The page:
That would be Louis Armstrong. I can remember trying to play the clarinet along with a couple of Louis’s records we had at the house. I was 9 or 10. Back then when anyone said the word jazz, the very first image that would pop into my head was that of Louis Armstrong; I know that there would be no jazz without Louis. This also gave me a feeling of pride. Cecil would be another jazz great that I would love to play with. Who wouldn’t? A few times, when I was playing in his Black Music Ensemble back at Antioch; I had a few brief moments of playing with him one on one. Incredible minutes in my life. But when the stew started to cook, and the pot started to boil, Cecil would stop, and calmly get up from the piano. One of Cecil’s greatest recordings is a record called ‘Dark Unto Themselves,’ with David S. Ware, Jimmy Lyons, Raphe Malik and Mark Edwards. What a great recording. I got a chance to play and record with the great Ed Blackwell; what a wonderful experience. It was with Ed and Fred Hopkins, we played a concert over at NYU. This came out on a record called ‘Judy’s Bounce’ on Soul Note. It is one of my own favorites.
‘The Zookeeper’s House’ is dedicated to Roy Campbell Jr. Could you tell us about him?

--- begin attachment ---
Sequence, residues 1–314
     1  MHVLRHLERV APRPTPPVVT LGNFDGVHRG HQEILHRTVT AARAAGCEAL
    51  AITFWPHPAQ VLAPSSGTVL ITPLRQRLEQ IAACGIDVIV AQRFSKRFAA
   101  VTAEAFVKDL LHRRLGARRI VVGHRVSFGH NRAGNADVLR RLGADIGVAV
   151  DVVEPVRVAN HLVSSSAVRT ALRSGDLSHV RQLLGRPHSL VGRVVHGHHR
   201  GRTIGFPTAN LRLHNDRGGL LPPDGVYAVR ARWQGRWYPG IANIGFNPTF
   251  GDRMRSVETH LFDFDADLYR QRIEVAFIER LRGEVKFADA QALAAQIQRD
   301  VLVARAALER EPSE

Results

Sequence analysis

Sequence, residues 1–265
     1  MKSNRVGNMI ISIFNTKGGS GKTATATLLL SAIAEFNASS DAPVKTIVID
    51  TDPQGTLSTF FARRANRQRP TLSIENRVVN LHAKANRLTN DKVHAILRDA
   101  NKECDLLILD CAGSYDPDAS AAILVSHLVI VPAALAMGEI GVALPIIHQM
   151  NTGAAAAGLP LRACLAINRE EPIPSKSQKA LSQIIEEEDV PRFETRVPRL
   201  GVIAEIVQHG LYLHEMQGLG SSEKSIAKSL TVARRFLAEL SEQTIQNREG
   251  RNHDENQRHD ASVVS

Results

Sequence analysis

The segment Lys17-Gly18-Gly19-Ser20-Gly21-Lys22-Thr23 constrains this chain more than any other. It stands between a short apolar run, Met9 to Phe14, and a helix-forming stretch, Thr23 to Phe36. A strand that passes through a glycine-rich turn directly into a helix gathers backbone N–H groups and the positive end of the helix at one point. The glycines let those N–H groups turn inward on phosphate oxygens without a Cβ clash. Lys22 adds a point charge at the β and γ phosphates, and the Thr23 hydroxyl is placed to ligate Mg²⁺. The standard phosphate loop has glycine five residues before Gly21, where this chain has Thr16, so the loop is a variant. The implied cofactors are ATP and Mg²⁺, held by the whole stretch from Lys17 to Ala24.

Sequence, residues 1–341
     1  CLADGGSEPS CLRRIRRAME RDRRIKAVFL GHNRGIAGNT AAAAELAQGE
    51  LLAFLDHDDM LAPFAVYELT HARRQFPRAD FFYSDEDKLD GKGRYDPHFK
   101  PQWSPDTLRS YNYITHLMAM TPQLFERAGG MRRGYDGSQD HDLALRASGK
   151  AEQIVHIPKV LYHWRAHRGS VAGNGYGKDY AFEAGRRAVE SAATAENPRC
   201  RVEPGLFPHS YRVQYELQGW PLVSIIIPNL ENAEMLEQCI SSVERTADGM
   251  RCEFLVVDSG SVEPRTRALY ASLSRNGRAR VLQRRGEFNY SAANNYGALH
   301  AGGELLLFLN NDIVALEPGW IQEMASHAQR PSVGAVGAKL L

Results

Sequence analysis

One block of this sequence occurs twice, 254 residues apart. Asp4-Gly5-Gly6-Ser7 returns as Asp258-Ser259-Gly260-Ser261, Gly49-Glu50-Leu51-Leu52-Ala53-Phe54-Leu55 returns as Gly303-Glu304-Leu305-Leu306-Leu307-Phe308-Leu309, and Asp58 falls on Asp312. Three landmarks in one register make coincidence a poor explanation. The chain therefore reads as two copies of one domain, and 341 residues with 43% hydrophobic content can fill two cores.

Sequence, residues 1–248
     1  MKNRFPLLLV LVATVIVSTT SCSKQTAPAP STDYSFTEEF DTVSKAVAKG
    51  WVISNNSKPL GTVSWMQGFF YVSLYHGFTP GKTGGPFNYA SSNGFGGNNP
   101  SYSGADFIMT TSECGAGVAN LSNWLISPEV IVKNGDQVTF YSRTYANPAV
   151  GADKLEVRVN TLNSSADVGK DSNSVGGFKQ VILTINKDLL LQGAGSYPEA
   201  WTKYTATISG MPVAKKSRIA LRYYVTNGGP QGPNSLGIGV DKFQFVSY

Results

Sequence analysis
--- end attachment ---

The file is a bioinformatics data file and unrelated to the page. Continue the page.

Roy Campbell and I were long time friends; we have been playing together since the mid ’70s. Roy added a very strong sound and spirit to MUNTU. Roy and I continued to work and record together after MUNTU had dissolved. Over the years Roy and I recorded about nine records together including the MUNTU box set. He was a permanent member of the ‘Jus Grew’ Orchestra. Roy Campbell Jr. was well versed in the bebop and post-bop jazz traditions. His trademark was the way he blended his traditional roots with the new avant-garde. He could display a big brassy sound comparable to Louis Armstrong, Lee Morgan and Woody Shaw but also could deliver a soft, sweet, well-articulated tone reminiscent of Kenny Dorham or Don Cherry. Roy was an excellent composer and his approach was harmolodic, but he also had a firm knowledge of traditional chord structure and harmonic movement. More than any other musician that I have worked with, Roy was the one that I learned the most from. Roy Campbell Jr. was a powerful and elite musician way ahead of his time.